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ABINGDON, Va. — This dad is really raising the bar for birthdays.

Jeremiah Heaton, 38, has laid claim to 800 square miles of land in northeastern Africa. Why? So 7-year old-daughter can be a real princess.

Heaton is a father of three, lives in Virginia, works in the mining industry and ran for a state congressional seat in 2012. His effort to become a king first came to fruition after a winter afternoon spent playing with his daughter Emily.

“She got this very serious tone, and could tell her demeanor had changed,” Heaton told CNN. “She looked at me and said daddy, will I ever be a real princess?”

Heaton was taken aback.

“As a parent, you never want to tell a child they can’t be something,” Heaton said. “If she had if she could she be a doctor or lawyer, the answer most certainly would have been yes. So I responded with ‘yes’ as a reply.”

After that, Heaton was met with a dose of reality: “I’m a parent that doesn’t like to make false promises.” So he began researching disputed regions across the world, and explained to CNN why he settled on Bir Tawil, a desolate plot of land on the border between Egypt and Sudan.

“Bir Tawil is basically a byproduct of a British colonial dispute over a boundary,” Heaton said. “Britain drew the line in 1899, and three years later Egypt decided they wanted to move the line to the 22 parallel.”

Out of that dispute came a fight for the region just to the right of Bir Tawil, Heaton said, which is known as the Hala’ib Triangle.

“The Hala’ib Triangle is a far more valuable and larger piece of land,” Heaton said. “So for over 100 years, Bir Tawil has been left unclaimed in the dust bin of governance. So it was very exciting that it was still able to be one of the last pieces of ground on earth waiting to be claimed.”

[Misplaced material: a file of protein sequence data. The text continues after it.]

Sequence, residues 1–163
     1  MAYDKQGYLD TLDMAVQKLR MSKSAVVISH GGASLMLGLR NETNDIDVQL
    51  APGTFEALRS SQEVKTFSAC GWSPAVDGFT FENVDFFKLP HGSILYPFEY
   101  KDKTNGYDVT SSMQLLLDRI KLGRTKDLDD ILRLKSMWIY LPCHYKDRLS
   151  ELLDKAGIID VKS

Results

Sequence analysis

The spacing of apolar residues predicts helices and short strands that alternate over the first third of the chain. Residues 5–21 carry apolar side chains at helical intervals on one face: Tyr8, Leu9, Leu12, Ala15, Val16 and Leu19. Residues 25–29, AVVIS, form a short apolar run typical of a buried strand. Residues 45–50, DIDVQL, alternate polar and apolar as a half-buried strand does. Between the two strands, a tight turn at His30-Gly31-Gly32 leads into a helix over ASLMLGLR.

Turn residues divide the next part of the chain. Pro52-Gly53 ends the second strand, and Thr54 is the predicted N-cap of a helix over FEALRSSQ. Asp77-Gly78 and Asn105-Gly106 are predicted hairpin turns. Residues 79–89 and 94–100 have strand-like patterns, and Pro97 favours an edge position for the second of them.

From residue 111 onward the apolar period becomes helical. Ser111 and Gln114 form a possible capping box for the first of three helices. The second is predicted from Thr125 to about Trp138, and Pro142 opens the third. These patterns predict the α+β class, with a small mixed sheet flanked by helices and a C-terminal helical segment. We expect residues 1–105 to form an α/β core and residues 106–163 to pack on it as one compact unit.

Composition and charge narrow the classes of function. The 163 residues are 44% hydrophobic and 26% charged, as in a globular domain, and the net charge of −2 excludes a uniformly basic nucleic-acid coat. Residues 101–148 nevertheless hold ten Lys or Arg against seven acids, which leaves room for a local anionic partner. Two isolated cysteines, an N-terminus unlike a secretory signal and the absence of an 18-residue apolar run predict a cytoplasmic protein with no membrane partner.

But Heaton said he doesn’t plan to rest on his laurels after naming his daughter princess of this desolate land, which he plans to rename the Kingdom of North Sudan. He told The Guardian newspaper he plans to launch a website to spell out his vision for the new country, which includes an initial development strategy based on “four pillars”; innovative agricultural production, renewable energy, digital freedom and digital currency.

Heaton admitted these are “lofty goals,” especially considering his claim to Bir Tawil is yet to be recognized by Egypt, Sudan and the rest of the international community. There’s also the fact that the desert-dwelling Bedouin tribe has been known to roam the territory.

When pressed about those details by The Guardian, Heaton appeared undeterred, saying his travel to the region was approved by Egyptian authorities, who he said “appeared positive” about his plans, and that the few Bedouins he encountered “welcomed” his ideas.

As for the suggestion that what he is doing might be considered a form of colonialism, Heaton insisted his approach “is the exact opposite of colonialism.”

“The dictionary defines colonialism as one country taking control of another to exploit its resources or people,” Heaton said. “Bir Tawil is not a country, it does not have a population and I don’t represent the U.S. or a corporation. I’m an individual, and I’m not going to dig for diamonds or drill for oil or build a pipeline.

“What we’re doing is designed to improve people’s lives.”